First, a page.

Discover the complex social, political, and emotional histories that shaped the Workhouse’s nearly 100-year life as the former DC Correctional Complex at Lorton. Docents (available during limited hours) will guide you through stories of prisoners’ daily lives, the role of the Workhouse in the region, and its connection to the Women’s Suffrage Movement of the early 1900s.
Buildings W-5, W-6, and W-10 are home to studios for some of our Resident Artists who create and exhibit art at the Workhouse. At the front of each building is a gallery to display works of artists from that particular building, which are also available to purchase. Additionally, each building features classroom space for some of the more than 800 arts, culinary, and other classes offered at the Workhouse each year.
The Glass Program’s studio facility is home to a number of glass resident and emerging artists who occupy our private and shared studio spaces, and whose works range from the functional to the sculptural. A retail glass gallery at the front of the building exhibits and sells works of art by the program’s artists.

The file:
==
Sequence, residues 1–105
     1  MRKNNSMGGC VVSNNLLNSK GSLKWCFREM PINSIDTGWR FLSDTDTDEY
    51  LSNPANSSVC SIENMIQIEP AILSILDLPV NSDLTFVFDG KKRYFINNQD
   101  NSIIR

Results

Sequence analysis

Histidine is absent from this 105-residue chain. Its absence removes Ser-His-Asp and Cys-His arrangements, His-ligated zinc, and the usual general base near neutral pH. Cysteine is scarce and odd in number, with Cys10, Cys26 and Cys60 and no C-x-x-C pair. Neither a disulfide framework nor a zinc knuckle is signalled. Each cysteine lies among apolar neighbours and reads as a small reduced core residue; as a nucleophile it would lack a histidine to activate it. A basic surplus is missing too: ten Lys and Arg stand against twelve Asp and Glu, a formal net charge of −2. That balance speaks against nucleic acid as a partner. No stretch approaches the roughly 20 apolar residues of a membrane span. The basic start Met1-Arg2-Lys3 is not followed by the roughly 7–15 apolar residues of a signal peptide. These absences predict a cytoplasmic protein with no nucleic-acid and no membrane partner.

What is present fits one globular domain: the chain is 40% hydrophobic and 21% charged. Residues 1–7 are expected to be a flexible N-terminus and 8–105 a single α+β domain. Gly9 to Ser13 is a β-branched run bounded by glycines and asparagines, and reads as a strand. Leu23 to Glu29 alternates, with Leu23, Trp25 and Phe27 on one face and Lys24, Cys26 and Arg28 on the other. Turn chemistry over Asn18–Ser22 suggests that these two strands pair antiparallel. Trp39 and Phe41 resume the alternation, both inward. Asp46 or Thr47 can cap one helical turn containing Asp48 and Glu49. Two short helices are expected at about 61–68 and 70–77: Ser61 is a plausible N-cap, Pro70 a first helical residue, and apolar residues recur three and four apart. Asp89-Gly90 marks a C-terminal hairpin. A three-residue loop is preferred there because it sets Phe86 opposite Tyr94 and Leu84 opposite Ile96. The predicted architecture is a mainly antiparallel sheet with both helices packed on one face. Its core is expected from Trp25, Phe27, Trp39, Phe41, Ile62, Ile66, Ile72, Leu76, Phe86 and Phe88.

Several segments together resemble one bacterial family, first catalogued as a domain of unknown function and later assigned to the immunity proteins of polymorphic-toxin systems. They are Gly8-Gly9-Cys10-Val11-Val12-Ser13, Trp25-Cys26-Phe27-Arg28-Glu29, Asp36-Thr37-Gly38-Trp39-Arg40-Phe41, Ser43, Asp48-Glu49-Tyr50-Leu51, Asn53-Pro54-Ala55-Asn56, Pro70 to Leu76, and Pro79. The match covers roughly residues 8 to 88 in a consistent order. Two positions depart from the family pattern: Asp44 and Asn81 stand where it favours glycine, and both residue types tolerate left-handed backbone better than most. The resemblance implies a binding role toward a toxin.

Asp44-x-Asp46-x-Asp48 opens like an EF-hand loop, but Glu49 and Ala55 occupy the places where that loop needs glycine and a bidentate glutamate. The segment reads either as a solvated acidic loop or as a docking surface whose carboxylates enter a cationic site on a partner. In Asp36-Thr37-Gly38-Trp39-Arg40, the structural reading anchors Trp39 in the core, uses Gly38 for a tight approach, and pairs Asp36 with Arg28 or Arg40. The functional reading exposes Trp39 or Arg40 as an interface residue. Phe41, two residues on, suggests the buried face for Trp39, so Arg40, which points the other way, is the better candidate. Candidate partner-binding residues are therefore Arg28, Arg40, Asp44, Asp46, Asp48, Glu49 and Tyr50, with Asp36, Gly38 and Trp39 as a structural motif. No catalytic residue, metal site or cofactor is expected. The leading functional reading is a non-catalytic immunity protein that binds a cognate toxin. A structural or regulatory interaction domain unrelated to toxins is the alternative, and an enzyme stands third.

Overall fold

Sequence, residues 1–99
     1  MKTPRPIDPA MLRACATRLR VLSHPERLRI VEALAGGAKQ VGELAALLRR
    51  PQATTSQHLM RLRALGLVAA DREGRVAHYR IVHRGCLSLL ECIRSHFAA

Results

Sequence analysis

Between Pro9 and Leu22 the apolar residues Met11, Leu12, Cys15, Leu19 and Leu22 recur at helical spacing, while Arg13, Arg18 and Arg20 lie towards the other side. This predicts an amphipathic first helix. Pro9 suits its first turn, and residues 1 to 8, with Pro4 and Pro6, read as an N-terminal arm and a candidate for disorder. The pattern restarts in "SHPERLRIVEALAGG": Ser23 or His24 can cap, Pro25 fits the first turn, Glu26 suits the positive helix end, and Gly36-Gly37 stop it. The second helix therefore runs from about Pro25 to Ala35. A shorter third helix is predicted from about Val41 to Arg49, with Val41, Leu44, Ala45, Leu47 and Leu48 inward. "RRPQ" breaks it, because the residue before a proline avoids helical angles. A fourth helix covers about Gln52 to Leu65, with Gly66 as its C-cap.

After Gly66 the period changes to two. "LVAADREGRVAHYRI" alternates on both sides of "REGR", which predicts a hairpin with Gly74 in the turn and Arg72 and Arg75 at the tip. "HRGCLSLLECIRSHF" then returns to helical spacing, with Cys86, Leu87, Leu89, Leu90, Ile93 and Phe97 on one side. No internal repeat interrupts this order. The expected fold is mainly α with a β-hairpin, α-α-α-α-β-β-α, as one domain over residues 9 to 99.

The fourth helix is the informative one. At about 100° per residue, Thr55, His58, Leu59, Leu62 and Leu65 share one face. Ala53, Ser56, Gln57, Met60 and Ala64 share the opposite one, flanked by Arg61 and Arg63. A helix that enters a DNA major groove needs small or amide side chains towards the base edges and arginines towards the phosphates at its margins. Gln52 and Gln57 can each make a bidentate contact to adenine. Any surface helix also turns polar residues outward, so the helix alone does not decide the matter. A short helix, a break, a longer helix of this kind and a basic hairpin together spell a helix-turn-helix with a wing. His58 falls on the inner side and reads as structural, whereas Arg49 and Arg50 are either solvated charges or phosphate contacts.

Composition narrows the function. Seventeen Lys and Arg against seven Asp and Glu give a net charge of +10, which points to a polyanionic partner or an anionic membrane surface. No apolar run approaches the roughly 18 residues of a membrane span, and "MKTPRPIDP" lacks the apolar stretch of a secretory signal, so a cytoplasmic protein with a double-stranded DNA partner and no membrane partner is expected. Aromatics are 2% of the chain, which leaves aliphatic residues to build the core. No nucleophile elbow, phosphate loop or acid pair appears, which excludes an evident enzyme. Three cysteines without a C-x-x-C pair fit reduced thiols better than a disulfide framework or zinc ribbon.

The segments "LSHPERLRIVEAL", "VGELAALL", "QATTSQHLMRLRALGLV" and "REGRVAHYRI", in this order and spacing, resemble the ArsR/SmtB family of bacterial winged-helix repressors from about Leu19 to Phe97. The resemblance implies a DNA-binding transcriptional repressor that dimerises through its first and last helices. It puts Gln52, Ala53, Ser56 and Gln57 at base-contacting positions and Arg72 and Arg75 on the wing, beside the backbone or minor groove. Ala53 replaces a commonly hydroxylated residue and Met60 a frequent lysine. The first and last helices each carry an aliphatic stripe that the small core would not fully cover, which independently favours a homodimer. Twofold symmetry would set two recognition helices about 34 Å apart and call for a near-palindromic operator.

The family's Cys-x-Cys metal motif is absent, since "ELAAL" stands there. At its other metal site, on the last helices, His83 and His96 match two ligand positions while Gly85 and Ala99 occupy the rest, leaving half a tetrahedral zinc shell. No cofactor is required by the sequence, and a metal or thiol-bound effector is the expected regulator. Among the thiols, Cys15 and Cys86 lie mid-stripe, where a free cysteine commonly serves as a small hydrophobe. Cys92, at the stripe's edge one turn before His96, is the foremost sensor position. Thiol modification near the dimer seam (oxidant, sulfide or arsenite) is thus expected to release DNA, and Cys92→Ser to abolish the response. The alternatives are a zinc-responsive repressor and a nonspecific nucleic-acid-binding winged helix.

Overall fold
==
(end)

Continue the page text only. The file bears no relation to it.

The Ceramics Program’s facility on the Workhouse campus provides studio space for resident ceramics artists in private or shared studio spaces, creating works of ceramic art across a broad spectrum of styles and techniques and range from the functional to the sculptural. A retail gallery at the front of the building provides space for the exhibition and sale of works of art by the program’s artists.
In addition to our Resident Artists program, the Workhouse maintains the Arches Gallery for local artists who don’t require dedicated studio space but still want to be part of the collaborative, creative, and exciting atmosphere on campus. A gallery in Building W-9 is reserved for and curated by Arches Gallery artists to showcase their work.